Just look for this button at the bottom of the original post. There may be some Discourse “trust level” that allows you to edit, but I’m sure you have it. If someone can’t edit for some reason then of course it’s fine to post.


Since you use Jekyll, it has built-in RSS, and I would just trust that it’s an RSS-compliant-enough standard. If one gets too fussy over super perfect RSS formatting, that would be crazy-making.

Note: my own Jekyll site’s similar RSS feed renders nicely in Thunderbird, where I do my RSS reading. Since Thunderbird likes the RSS format, then I’m happy enough.


I’m using the standard rss plugin (which I believe uses atom) for my blog updates, but I’m planning to write a custom Jekyll plugin to give people the option of getting notified for every new piece of content I add to the library. I had floated the idea before but had punted on it since the community reaction was so luke-warm… but I think it’s the right thing to do so I’m now reconsidering.

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Please everyone, feel empowered to make changes to the wiki when you are able.

It seems that the heading links in Discourse get a new link every time someone adds a new header. That’s kind of crap.

That explains why I haven’t seen anything from them in some time.

This is indeed the Achilles heel of the whole rss system. I would bet that most website owners don’t even know that their site has an rss feed. So when big (or even small) changes happen to the build of the website (as in the case of Buddhistdoor) the feed breaks.


That could also be a strength… Several news websites I follow have a paywall or annoying popup ads on their website, but happily give you ad-free access to their articles via RSS. :smiling_imp:


That’s true. Over time one gets a sense of what one had better not change on one’s own site, to preserve RSS remaining a consistent experience for the end users. For example, when I make a posting of a new Dhamma Talk, whatever I decide to entitle it, I never change that title in the future. But some typos found down in the content? Sure, I’ll update those, even months later.

There seem to be lots of academic journals that have active feeds:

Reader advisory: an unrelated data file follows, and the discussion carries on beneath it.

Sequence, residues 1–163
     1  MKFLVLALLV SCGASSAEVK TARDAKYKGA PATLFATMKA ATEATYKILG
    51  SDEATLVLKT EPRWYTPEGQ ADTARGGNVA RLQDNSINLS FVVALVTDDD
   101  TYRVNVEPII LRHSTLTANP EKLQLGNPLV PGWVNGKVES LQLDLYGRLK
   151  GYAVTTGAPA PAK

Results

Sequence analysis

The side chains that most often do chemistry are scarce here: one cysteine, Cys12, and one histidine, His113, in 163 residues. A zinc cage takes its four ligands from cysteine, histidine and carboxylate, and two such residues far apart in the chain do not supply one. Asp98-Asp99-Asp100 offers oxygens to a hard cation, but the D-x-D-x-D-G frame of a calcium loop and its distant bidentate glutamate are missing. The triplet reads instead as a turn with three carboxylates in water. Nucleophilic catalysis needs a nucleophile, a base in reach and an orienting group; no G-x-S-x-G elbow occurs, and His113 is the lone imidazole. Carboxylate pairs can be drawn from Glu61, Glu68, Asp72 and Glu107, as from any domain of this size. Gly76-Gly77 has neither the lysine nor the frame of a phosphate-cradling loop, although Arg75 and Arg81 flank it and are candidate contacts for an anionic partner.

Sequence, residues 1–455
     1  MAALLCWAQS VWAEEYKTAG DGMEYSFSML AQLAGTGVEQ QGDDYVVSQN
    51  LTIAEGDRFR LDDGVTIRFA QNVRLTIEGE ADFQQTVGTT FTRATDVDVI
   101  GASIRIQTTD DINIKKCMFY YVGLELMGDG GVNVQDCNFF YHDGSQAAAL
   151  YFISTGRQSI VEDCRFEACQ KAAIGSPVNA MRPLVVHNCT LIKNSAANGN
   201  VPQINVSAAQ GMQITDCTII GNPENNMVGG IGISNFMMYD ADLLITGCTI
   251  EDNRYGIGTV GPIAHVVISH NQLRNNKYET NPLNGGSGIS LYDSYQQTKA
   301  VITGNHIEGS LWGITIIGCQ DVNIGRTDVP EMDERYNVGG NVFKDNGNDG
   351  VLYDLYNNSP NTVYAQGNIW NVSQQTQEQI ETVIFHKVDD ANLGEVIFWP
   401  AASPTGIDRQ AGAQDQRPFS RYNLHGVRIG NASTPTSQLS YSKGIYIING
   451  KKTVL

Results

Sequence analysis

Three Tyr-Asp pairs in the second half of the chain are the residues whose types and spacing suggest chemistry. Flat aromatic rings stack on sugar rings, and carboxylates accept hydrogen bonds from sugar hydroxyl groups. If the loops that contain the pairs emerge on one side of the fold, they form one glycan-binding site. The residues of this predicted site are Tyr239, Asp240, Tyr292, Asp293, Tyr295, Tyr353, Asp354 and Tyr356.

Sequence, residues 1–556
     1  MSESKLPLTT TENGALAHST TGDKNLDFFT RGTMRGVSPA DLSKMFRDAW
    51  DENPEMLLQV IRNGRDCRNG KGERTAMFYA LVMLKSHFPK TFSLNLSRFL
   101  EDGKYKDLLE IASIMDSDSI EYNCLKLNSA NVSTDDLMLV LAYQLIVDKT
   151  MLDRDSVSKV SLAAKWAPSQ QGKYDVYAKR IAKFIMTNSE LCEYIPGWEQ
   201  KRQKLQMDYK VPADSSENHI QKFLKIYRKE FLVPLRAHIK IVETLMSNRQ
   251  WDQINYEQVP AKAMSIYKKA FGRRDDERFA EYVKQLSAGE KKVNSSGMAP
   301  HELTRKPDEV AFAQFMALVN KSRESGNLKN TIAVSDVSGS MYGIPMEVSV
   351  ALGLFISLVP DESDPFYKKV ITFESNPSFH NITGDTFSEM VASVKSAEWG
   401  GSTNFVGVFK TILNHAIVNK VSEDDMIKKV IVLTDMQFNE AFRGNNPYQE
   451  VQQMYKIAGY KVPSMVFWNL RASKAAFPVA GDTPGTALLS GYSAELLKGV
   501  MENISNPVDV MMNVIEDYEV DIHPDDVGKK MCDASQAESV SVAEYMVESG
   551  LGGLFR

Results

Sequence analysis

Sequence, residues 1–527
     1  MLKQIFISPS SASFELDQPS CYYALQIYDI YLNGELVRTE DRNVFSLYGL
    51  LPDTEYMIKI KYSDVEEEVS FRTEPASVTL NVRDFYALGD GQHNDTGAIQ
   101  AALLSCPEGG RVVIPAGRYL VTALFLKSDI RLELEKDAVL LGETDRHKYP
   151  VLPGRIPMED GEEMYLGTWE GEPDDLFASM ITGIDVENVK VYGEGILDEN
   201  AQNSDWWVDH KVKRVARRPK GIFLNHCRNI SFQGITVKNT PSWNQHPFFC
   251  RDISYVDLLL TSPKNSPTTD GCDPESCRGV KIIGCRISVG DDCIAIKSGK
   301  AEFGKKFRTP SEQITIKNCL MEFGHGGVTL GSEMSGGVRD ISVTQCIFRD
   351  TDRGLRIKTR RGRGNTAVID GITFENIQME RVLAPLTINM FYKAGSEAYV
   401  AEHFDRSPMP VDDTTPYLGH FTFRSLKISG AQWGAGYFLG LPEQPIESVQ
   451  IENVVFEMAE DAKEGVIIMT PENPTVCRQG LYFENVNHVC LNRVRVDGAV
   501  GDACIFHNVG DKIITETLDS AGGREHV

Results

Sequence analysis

(all these are added to the list above)


Added DharmaSeed to “Podcasts”. I note that DharmaSeed also allows you to subscribe to individual teachers as well. For example, you can subscribe to Ayya @Santussika Bhikkhuni’s dhamma talks at https://dharmaseed.org/feeds/teacher/553/?max-entries=all.
This is the kind of “advanced” RSS features I’d love to see more sites supporting!


It’s not so uncommon on larger sites, especially WordPress based sites. For example on a Wordpress site you can subscribe to

  • comments on an individual post
  • individual categories
  • individual tags

Same thing is true in Discourse. What is really needed is a better user interface so people are aware of the individual feeds.


Same here. :slightly_smiling_face:

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This isn’t exactly true. There are lots of web based readers that would be the best option for many people, especially monastics.

Does anyone have experience with any of them?

Also, I was thinking about having a small section for popular non-Buddhist feeds since I think that one way to switch over to the RSS lifestyle is to really go all in. Thoughts?

We also need a section on converting YouTube channels and Facebook groups to RSS feeds. I know some folks are passionately opposed to all those platforms, but using them in an RSS reader is actually one way to break people’s dependence on them as a social media lifestyle.


I’ve tried an RSS->email service and it worked but was full of ads.

Up to you. Personally, I only subscribe to Vox.com and the Bangkok Post these days… everything else was too noisy. … Which is, of course, exactly what the ranked newsfeed was meant to solve :sweat_smile:

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Right, I forgot about that method, even though I use it!! What service did you try. I use blogtrottr.com. I think my ad blockers are preventing me from seeing the ads. In all fairness, services like this need to have a business model. Sending emails isn’t free.

I mean, that’s the thing about the technology. If you don’t use a mediator like FB, then you have to take responsibility for what you subscribe to. But everything has a filter of some kind. I subscribe to longreads.org and tend to find out about interesting things being published. But what’s the filter being used by them? No perfect solution. But subscribing to feeds does have the big advantage of being able to follow more obscure, very low traffic places and make sure that when they do produce something you find out about it.

But yeah, if you follow the NYT feed, that would be a full time job. Fortunately sites like that often have many different smaller feeds.

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Indeed it is. I’ve heard it called “wire tasting” :electric_plug::yum: Newspapers hire teams of editors to keep up with incoming news from e.g. Reuters and decide which stories to publish.

Do you know of a feed reader with good filtering abilities? Like… only show me posts with x keyword?